Into the Void: Star Wars Legends (Dawn of the Jedi)
Even at the beginning of our journey I feel like a rock in the river of the Force. Lanoree is a fish carried by that river, feeding from it, living within it, relying on the waters for her well-being. But I am unmoving. An inconvenience to the water as long as I remain. And slowly, slowly, I am being eroded to nothing.
—Dalien Brock, diaries, 10,661 TYA
She is a little girl, the sky seems wide and endless, and Lanoree Brock breathes in the wonders of Tython as she runs to find her brother.
Dalien is down by the estuary again. He likes being alone, away from all the other children at Bodhi, the Je’daii Temple of the Arts. Her parents have sent her to find him, and though they still have some teaching to do that afternoon, they’ve promised that they will walk up to the boundary of the Edge Forest that evening. Lanoree loves it up there. And it scares her a little, as well. Close to the temple, near the sea, she can feel the Force ebbing and flowing through everything—the air she breathes, the sights she sees, and all that makes up the beautiful scenery. Up at the Edge Forest, there’s a primal wildness to the Force that sets her blood pumping.
Her mother will smile and say that she will learn about it all, given time. Her father will look silently into the forest, as if he silently yearns to explore that way. And her little brother, only nine years old, will start to cry.
Always at the Edge Forest, he cries.
“Dal!” She swishes through the long grasses close to the riverbank, hands held out by her sides so that the grass caresses her palms. She won’t tell him about the walk planned for that evening. If she does he’ll get moody, and he might not agree to come home with her. He can be like that sometimes, and their father says it’s the sign of someone finding his own way.
Dal doesn’t seem to have heard her, and as she closes on him she slows from a run to a walk and thinks, If that was me I’d have sensed me approaching ages ago.
Dal’s head remains dipped. By his side he has created a perfect circle using the stones of chewed mepples, his favorite fruit. He does that when he’s thinking.
The river flows by, fast and full from the recent rains. There’s a power to it that is intimidating, and, closing her eyes, Lanoree feels the Force and senses the myriad life-forms that call the river home. Some are as small as her finger, others that swim upriver from the ocean almost half the size of a Cloud Chaser ship. She knows from her studies that many of them have teeth.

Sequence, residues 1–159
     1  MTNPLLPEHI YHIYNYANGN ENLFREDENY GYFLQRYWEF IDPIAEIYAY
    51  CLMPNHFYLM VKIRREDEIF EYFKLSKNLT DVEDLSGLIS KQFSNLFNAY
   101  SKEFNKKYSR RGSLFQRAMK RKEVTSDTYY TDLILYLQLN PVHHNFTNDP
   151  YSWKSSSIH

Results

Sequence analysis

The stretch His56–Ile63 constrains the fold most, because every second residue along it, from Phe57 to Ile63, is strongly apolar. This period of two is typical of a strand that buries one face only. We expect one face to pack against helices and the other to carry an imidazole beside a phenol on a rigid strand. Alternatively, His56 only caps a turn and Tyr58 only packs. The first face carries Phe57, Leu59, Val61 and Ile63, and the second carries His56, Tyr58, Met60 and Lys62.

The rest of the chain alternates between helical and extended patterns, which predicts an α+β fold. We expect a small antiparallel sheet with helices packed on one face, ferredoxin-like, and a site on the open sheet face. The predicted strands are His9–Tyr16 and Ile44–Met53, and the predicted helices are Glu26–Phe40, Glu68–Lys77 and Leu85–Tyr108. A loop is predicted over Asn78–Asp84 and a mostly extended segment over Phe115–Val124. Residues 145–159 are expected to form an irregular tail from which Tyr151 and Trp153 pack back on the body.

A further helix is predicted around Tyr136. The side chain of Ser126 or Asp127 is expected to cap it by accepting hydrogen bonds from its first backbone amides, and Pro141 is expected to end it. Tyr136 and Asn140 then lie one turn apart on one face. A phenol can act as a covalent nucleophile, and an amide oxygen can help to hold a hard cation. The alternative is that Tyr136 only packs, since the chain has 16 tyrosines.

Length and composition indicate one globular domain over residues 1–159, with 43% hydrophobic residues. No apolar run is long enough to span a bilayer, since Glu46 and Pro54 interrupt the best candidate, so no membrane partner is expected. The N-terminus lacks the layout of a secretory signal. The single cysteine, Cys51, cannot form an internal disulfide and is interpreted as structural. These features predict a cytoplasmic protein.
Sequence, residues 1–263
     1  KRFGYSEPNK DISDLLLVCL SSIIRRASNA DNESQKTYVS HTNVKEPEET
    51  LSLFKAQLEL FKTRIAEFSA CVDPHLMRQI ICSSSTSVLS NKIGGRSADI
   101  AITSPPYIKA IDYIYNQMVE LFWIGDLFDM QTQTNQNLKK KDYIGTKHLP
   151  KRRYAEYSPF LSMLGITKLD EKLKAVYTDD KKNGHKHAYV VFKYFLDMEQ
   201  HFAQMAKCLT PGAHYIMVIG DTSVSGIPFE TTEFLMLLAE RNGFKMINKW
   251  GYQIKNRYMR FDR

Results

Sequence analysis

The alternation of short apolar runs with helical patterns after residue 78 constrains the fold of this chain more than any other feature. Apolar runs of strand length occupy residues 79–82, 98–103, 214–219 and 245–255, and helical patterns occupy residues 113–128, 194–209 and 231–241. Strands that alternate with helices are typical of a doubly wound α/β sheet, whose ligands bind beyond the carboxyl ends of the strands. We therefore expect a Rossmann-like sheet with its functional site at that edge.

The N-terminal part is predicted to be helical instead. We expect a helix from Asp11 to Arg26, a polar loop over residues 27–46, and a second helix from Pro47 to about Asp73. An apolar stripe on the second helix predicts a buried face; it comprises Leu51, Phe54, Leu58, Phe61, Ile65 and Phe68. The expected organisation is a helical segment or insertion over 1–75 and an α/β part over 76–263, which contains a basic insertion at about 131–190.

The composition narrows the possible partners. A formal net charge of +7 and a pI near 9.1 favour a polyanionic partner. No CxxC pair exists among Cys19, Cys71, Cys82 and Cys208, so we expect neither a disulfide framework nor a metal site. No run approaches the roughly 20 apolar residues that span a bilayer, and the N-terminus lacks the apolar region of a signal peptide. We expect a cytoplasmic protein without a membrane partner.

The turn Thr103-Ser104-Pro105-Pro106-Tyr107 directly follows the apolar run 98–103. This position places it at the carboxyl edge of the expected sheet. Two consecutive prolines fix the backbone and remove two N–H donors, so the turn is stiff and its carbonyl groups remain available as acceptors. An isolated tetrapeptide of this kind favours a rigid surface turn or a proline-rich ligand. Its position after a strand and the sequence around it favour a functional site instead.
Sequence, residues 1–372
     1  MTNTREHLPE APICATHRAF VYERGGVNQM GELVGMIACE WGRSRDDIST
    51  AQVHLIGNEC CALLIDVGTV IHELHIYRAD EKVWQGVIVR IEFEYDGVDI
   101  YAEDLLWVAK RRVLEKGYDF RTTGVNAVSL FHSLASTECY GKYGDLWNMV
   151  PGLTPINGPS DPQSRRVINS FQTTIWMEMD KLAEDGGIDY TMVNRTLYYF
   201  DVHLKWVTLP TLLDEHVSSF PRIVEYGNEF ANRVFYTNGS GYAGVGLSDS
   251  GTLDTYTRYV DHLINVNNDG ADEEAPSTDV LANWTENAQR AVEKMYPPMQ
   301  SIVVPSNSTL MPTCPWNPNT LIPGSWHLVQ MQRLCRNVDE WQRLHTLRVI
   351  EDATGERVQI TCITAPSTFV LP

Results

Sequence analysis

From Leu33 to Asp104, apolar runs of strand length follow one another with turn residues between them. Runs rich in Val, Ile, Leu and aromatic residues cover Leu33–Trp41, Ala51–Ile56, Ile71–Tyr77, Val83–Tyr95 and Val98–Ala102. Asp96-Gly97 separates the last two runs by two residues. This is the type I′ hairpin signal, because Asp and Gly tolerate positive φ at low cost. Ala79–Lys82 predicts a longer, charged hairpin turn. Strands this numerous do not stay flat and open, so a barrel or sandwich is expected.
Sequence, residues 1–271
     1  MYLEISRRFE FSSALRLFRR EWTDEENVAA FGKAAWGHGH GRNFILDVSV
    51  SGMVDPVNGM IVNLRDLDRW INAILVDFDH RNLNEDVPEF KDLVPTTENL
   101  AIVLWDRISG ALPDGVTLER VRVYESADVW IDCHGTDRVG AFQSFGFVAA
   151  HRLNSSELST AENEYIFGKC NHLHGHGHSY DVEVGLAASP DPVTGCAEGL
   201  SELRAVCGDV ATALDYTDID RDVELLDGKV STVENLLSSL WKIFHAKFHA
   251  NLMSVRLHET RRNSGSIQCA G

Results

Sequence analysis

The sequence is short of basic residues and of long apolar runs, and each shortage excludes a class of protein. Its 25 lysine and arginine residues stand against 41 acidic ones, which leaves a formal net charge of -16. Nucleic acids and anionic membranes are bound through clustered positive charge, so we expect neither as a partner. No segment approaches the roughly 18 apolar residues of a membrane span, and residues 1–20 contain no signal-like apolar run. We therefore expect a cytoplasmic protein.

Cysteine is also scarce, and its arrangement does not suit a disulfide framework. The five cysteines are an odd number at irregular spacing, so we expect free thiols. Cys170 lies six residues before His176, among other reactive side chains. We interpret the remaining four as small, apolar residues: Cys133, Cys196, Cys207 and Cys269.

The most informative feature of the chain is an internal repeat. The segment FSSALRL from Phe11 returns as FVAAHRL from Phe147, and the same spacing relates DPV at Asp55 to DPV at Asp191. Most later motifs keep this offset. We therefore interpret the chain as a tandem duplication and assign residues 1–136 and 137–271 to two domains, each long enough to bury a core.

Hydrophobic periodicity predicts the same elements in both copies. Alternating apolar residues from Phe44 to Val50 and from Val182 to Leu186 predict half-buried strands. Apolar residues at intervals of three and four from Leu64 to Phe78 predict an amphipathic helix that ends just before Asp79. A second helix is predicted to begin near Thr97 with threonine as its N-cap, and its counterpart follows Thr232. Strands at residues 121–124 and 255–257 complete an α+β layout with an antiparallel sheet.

She bites her lip, hesitant. Then she probes out with her mind and—
“I told you to never do that to me!”
“Dal . . .”
He stands and turns around, and he looks furious. Just for a moment there’s a fire in his eyes that she doesn’t like. She has seen those flames before, and carries the knotted scar tissue in her lower lip to prove it. Then his anger slips and he smiles.
“Sorry. You startled me, that’s all.”
“You’re drawing?” she asks, seeing the sketchbook.
Dal closes the book. “It’s rubbish.”
“I don’t believe that,” Lanoree says. “You’re really good. Temple Master Fenn himself says so.”
“Temple Master Fenn is a friend of Father’s.”
Lanoree ignores the insinuation and walks closer to her brother. She can already see that he has chosen a fine place from which to draw the surroundings. The river curves here, and a smaller tributary joins from the hills of the Edge Forest, causing a confusion of currents. The undergrowth on the far bank is colorful and vibrant, and there’s a huge old ak tree whose hollowed trunk is home to a flight of weave birds. Their spun golden threads glisten in the afternoon sun. The birdsong complements the river’s roar.
“Let me see,” Lanoree says.
Dal does not look at her, but he opens the pad.
“It’s beautiful,” she says. “The Force has guided your fingers, Dal.” But she’s not sure.
Dal picks a heavy pencil from his pocket and strikes five thick lines through his drawing, left to right, tearing the paper and ruining it forever. His expression does not change, and neither does his breathing. It’s almost as if there is no anger at all.
“There,” he says. “That’s better.”
For a moment the lines look like claw marks, and as Lanoree takes a breath and blinks—